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Picking the Perfect Potato to Bake, Mash, Or Boil

Fine Cooking Issue 21
Photos, except where noted: Scott Phillips
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When I was growing up on my grandfather’s farm, deciding what type of potato to use was easy. He grew russets in his big vegetable garden, and that was what we used—no matter what we were making.

Knowing the starch level of a potato can help you choose one that will bake up fluffy and light or hold its shape in a salad.

Russets (high starch) are the consummate Idaho “bakers.” They’re ideal for making potato pancakes, french fries, shoestring potatoes, and heavenly mashed potatoes.

The term “new” refers to freshly harvested, immature potatoes of any variety. Look for them in late spring or early summer, at the very beginning of the potato harvest. They have thinner skins and slightly moister flesh than more mature potatoes. Choose hard ones with almost translucent skins. New potatoes are very perishable; use them within a few days of purchase. New potatoes of any variety are delicious steamed or boiled, mixed in salads, or roasted in foil.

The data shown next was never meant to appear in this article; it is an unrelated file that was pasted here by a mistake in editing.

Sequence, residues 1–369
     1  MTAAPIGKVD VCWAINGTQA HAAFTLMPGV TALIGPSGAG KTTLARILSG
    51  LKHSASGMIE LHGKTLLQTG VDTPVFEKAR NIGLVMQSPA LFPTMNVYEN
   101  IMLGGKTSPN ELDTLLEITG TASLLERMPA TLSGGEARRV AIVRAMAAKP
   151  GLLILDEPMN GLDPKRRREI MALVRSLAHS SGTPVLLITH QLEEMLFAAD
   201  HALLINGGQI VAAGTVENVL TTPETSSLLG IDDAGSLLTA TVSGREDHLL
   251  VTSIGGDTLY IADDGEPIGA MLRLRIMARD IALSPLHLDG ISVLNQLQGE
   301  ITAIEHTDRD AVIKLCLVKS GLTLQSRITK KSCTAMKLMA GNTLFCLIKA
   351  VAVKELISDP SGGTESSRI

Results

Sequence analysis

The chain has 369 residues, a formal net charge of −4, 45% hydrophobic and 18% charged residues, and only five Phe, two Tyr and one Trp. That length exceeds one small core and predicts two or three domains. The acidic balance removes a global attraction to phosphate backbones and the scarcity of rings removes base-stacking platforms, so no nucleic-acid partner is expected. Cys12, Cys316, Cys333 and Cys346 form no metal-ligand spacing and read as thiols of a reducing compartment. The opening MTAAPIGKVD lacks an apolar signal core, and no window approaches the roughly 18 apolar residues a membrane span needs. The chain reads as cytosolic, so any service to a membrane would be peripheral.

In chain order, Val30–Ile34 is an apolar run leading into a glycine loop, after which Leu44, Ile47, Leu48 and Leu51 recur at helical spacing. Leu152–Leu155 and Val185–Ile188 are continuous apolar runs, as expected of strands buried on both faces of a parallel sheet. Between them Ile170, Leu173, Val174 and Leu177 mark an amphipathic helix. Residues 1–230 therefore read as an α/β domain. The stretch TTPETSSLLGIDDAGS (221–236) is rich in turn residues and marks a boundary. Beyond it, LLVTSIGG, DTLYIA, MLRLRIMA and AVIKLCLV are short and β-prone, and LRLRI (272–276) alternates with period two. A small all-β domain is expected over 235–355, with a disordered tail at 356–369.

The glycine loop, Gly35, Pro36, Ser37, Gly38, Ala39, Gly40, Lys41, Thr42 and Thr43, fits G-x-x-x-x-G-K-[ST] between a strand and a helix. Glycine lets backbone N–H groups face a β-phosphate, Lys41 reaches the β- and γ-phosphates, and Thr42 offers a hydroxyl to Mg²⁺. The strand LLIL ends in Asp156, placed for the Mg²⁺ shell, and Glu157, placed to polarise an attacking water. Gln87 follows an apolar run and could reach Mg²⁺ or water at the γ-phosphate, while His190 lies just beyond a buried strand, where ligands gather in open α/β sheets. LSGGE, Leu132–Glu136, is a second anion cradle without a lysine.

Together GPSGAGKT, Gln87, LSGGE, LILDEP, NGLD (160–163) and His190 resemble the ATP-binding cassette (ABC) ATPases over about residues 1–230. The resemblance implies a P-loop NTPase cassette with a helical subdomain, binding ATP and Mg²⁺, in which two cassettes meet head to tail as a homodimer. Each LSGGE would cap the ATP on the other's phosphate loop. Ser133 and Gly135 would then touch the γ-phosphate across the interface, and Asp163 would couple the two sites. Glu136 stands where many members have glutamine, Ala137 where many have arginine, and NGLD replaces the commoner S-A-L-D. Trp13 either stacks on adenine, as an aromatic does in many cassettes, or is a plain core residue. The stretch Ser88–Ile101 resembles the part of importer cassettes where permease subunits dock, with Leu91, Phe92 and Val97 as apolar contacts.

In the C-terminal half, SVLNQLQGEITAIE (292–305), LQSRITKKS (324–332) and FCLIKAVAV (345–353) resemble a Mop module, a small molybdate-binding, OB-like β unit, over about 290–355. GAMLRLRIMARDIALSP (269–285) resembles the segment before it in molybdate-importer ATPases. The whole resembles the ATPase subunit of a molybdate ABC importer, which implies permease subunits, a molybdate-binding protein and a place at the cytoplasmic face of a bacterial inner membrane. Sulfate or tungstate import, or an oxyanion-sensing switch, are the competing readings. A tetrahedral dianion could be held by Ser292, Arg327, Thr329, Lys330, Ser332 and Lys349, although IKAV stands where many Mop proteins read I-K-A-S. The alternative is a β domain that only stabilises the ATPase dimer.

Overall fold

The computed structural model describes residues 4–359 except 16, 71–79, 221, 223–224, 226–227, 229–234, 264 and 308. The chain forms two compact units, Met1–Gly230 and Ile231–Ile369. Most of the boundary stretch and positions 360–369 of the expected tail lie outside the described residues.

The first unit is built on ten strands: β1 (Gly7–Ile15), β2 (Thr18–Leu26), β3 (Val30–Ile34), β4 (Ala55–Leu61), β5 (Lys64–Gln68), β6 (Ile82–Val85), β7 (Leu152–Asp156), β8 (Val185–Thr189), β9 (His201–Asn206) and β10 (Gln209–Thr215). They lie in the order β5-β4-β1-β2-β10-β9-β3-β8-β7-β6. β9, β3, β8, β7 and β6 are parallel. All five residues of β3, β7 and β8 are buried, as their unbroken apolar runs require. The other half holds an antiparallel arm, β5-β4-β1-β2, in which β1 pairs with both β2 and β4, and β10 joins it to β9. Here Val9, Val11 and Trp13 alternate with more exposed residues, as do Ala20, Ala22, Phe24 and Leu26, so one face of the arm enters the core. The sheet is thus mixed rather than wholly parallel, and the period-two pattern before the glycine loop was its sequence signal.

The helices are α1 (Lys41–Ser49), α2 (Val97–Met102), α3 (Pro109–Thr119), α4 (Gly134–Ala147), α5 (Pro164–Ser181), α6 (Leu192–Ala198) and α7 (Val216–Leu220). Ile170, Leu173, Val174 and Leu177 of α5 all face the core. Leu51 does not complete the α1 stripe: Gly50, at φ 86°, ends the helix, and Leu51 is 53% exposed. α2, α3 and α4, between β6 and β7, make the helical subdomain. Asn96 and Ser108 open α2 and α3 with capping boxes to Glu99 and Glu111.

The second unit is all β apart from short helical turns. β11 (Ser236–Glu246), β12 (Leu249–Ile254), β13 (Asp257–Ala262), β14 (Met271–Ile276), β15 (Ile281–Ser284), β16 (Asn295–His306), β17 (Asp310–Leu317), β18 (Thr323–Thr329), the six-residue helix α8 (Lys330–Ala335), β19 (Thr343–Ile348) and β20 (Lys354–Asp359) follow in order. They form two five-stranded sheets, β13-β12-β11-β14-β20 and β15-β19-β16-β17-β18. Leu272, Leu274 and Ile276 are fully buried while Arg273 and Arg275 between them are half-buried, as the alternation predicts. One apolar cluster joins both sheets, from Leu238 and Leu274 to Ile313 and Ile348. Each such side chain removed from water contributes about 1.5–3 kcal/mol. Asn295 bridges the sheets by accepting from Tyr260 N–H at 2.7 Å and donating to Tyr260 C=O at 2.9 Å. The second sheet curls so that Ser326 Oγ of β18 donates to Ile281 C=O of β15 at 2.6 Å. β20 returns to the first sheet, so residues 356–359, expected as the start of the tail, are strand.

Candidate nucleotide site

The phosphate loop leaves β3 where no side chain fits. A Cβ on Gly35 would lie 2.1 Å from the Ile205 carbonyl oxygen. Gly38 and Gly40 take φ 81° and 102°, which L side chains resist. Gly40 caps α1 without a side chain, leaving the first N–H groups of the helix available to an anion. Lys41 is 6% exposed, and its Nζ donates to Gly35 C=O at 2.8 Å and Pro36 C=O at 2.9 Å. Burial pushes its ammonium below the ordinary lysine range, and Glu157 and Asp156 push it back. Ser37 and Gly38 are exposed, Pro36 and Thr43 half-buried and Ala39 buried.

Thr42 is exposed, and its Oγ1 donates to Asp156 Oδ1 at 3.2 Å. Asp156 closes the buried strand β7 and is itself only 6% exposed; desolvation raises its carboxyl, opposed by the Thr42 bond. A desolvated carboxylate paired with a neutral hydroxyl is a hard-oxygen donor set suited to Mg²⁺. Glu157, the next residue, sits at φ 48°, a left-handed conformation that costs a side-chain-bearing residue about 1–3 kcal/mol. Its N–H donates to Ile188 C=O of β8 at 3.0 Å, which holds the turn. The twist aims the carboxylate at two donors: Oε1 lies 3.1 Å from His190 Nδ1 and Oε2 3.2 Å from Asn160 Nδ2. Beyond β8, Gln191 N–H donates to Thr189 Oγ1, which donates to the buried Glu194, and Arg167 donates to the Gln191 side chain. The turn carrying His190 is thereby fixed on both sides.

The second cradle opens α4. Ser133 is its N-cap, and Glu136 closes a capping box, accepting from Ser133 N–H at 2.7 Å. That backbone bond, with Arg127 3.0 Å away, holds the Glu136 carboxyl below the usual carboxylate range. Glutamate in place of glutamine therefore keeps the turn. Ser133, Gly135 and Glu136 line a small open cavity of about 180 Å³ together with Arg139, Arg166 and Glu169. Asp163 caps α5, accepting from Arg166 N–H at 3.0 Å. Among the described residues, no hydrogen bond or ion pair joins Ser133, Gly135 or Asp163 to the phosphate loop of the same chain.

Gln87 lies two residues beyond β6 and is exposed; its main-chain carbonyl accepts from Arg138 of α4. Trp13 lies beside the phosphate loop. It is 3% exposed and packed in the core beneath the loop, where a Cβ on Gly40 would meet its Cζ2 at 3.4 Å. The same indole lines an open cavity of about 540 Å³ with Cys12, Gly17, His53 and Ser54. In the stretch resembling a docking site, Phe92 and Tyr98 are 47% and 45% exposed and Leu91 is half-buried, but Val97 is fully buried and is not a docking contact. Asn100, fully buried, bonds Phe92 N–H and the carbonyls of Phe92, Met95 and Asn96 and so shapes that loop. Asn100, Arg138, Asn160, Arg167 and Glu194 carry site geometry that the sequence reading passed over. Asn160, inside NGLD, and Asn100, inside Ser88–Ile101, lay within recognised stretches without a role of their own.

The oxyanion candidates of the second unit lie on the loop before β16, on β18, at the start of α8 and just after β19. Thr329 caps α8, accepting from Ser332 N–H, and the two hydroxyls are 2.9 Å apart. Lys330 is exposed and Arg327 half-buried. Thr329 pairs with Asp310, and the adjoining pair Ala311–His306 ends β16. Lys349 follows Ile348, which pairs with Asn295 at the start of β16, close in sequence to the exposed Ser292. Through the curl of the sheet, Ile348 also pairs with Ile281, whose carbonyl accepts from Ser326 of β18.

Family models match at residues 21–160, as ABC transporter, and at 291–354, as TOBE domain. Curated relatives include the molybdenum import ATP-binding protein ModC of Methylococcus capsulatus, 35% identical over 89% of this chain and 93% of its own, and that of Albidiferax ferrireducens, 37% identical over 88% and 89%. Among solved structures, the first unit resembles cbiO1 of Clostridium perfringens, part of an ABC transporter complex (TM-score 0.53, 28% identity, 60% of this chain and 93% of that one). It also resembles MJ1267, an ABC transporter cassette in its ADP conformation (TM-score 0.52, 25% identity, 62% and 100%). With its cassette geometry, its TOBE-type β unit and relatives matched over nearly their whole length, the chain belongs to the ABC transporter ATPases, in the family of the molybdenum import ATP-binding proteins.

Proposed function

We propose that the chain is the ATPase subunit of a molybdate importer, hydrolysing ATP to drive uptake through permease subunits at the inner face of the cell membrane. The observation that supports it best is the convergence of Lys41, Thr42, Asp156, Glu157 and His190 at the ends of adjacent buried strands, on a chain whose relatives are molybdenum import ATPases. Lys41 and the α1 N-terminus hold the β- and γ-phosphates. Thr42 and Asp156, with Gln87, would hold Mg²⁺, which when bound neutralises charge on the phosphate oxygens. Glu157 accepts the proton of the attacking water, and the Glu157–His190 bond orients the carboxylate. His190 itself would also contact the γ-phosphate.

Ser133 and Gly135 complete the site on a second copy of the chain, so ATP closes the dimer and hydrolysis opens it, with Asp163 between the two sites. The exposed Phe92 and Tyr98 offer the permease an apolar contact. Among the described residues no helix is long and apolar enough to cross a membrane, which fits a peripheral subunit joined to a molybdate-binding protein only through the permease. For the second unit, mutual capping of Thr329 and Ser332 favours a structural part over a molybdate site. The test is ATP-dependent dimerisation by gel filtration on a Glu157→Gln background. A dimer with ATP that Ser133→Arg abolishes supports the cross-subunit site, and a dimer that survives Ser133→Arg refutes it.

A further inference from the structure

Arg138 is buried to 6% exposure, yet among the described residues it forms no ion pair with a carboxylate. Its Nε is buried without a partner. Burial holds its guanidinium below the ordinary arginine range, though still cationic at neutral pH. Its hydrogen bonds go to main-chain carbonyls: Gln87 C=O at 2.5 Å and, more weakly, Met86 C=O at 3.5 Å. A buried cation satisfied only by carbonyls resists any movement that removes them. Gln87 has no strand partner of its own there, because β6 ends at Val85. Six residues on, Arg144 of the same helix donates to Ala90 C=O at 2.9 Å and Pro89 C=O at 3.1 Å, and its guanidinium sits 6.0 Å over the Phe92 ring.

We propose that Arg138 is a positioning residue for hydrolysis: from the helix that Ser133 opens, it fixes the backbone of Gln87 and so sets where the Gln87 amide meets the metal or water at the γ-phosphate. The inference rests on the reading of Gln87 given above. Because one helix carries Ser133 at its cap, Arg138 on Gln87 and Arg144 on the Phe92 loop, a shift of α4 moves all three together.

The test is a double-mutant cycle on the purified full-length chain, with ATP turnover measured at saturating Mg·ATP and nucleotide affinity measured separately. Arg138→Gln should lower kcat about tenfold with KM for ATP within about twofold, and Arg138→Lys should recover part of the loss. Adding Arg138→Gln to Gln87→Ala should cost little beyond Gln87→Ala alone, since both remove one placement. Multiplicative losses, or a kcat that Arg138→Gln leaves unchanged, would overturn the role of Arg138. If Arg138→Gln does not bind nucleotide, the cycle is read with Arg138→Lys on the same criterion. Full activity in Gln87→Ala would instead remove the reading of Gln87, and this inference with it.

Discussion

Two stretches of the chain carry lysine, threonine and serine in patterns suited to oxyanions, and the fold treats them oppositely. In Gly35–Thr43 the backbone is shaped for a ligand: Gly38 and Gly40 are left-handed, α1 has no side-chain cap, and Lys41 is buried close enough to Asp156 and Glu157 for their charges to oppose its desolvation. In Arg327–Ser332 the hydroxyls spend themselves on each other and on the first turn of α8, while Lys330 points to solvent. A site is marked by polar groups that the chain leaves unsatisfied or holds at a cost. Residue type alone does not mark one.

Regardless of variety, all potatoes should feel heavy and firm, never soft, wrinkled, or blemished. And try not to buy potatoes in plastic bags since it’s hard to evaluate them.

Potatoes cooked in their skins will be more flavorful, hold their shape better, and absorb less water. Also, the skins come off much easier once the potatoes have been cooked.


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